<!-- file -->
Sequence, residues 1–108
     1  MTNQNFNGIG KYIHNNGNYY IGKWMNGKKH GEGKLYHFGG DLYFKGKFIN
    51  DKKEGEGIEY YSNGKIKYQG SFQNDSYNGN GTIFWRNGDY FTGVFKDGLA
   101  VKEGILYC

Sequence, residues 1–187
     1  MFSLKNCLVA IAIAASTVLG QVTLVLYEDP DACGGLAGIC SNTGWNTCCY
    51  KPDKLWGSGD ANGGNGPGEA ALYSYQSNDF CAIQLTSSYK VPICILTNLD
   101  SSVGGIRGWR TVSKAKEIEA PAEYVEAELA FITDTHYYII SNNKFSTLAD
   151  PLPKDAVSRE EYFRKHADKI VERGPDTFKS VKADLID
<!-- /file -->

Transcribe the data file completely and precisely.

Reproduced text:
Sequence, residues 1–108
     1  MTNQNFNGIG KYIHNNGNYY IGKWMNGKKH GEGKLYHFGG DLYFKGKFIN
    51  DKKEGEGIEY YSNGKIKYQG SFQNDSYNGN GTIFWRNGDY FTGVFKDGLA
   101  VKEGILYC

Sequence, residues 1–187
     1  MFSLKNCLVA IAIAASTVLG QVTLVLYEDP DACGGLAGIC SNTGWNTCCY
    51  KPDKLWGSGD ANGGNGPGEA ALYSYQSNDF CAIQLTSSYK VPICILTNLD
   101  SSVGGIRGWR TVSKAKEIEA PAEYVEAELA FITDTHYYII SNNKFSTLAD
   151  PLPKDAVSRE EYFRKHADKI VERGPDTFKS VKADLID